What a start to 2020 – The first funeral of two in one week and I struggled with what to wear. It got me thinking about the accepted norm – Black.
A tradition handed down through countless generations with regards to funeral etiquette, specifically the customary code of dress attire.
Black is strongly associated with death and mourning in the West and is believed to date back to Roman times but is still rooted in the culture of this era, specifically with our generation.
As a caregiver for the aged, I seem to have had most of my experience with ‘the silent generation’ – people estimated to have been born between 1925 (age 95) and 1945 (age 75). A population raised in conditions complicated by war and economic depression – they grew up expecting a hard life – an era when a Christmas present might be an orange! They also taught us how to survive and get up – generational abundance passed on.
No surprises that in terms of funerals they are undeniably traditional with strong ecclesiastic values, solid family ties and steering away from radical innovation. The thought of a funeral being depicted as “a celebration of one’s life” or “thanksgiving” was a tough call for a group of people raised in a paternalistic environment, where conformity and conservatism are prized.
They generally don’t ruffle feathers or initiate conflict, and ‘black clothing’ would be worn as a sign of respect for those grieving – the whole idea fascinated me as I just couldn’t imagine how a church full of dark, lifeless clothing could uplift a community already dealing with the loss of a loved one.
In my opinion, it only makes things worse being surrounded by colours that could potentially have the capacity to attract and transmit negative and distressing frequencies in the environment, especially as most of the congregation are already in a weakened emotional state of mourning.
Much of the colour choice within religious groups has to do with personal interpretations about death and the afterlife. I believe that funerals are a time to provide light to those when they need it the most, to see people you genuinely know and like and to join together in love. Personally, lighter colours such as white seems to be more in line with my energetic preferences and coincidently have a symbolic meaning of purity and rebirth.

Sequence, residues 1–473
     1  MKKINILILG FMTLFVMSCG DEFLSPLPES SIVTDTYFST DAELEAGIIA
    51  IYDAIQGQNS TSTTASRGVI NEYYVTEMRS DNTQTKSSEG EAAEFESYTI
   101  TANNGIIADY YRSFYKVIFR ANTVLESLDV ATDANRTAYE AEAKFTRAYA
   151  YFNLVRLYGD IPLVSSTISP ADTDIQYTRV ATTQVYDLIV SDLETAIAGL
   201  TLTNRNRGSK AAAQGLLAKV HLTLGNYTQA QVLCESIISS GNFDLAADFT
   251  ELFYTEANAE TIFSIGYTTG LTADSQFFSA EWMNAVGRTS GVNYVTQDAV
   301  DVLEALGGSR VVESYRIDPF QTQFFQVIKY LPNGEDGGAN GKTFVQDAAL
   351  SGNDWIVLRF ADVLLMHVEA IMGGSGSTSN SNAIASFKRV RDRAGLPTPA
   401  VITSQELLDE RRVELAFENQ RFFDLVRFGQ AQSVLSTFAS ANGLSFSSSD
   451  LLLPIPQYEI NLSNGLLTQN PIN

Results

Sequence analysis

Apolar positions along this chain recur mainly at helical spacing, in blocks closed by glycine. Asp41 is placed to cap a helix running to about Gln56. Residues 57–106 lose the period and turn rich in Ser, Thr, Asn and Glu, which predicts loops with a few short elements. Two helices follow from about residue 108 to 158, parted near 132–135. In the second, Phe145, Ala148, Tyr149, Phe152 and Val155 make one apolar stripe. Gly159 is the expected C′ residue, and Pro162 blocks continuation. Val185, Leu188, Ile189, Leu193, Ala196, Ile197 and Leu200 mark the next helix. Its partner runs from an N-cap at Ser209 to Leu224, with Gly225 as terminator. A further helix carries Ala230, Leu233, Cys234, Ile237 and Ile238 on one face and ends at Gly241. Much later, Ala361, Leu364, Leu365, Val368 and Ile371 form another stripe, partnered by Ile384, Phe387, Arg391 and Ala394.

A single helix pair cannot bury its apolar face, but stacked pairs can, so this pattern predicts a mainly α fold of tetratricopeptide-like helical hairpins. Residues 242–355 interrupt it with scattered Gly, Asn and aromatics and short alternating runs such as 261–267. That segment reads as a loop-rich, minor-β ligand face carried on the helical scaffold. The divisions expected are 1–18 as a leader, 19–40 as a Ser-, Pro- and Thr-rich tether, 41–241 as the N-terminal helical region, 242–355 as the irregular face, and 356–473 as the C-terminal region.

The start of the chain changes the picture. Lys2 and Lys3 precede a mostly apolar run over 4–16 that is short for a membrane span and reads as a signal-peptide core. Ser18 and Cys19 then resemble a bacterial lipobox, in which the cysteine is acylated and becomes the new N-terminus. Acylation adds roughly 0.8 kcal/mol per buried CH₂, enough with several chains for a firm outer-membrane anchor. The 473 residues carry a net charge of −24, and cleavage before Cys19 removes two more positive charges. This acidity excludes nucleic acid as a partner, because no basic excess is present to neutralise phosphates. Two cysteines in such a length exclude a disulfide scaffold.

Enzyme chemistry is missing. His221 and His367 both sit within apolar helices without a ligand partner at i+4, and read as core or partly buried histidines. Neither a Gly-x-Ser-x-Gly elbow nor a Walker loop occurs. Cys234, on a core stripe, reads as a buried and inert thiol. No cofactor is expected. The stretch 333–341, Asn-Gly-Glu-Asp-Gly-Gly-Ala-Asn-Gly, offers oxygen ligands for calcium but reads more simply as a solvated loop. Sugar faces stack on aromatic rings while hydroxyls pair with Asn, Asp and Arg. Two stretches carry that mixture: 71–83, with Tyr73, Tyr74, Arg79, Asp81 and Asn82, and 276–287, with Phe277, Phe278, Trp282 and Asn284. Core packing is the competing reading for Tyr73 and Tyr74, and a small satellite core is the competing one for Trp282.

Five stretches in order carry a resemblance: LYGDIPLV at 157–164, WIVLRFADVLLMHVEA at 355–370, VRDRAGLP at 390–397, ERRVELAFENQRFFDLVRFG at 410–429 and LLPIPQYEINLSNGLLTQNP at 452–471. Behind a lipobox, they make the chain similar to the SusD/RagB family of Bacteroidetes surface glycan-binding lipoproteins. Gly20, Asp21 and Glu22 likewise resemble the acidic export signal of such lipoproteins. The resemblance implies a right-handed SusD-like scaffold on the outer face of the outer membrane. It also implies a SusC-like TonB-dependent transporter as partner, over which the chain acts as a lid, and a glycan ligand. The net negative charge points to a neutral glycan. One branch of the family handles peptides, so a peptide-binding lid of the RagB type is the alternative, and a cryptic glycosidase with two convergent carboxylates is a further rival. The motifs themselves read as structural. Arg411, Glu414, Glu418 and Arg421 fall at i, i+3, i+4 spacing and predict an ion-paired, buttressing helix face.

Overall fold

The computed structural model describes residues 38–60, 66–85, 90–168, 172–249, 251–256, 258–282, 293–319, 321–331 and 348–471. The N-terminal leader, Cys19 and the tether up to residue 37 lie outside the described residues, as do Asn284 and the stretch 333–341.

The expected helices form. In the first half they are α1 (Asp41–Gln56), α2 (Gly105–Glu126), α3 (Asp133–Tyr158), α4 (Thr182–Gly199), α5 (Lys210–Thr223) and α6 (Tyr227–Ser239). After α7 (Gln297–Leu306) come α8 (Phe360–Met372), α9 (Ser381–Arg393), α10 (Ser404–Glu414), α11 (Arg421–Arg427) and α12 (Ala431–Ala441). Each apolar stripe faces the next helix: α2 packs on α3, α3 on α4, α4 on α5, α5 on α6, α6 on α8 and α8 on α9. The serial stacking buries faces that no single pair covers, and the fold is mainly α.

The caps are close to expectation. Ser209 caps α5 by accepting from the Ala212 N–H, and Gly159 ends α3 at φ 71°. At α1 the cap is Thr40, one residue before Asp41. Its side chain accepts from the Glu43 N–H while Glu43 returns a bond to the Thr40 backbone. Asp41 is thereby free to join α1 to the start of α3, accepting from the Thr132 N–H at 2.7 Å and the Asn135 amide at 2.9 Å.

“Interestingly before Queen Victoria died in 1901, she left very detailed instructions of how she wanted white to play a part in her funeral, despite wearing black at all those she attended. Not only did she wear her white wedding veil over her face, but she also requested white horses and a white pall over her coffin to be part of her send-off.”
At the end of the day, funerals enable us to become aware of our mortality and the fragility of this life. It is a profound event that can inspire us and motivate us to live life to the fullest, with a sense that we should not waste our days but instead, experience, learn, grow and connect.
I think that it is the end of our physical journey but the beginning of the re-emergence into the non-physical to continue the ‘great circle of life’. And so…
Do not stand at my grave and weep, I am not there, I do not sleep. I am a thousand winds that blow. I am the diamond glint on snow. I am the sunlight on ripened grain. I am the gentle autumn rain. When you wake in the morning hush, I am the swift, uplifting rush Of quiet birds in circling flight. I am the soft starlight at night. Do not stand at my grave and weep. I am not there, I do not sleep. Do not stand at my grave and cry. I am not there, I did not die! – Mary Elizabeth Frye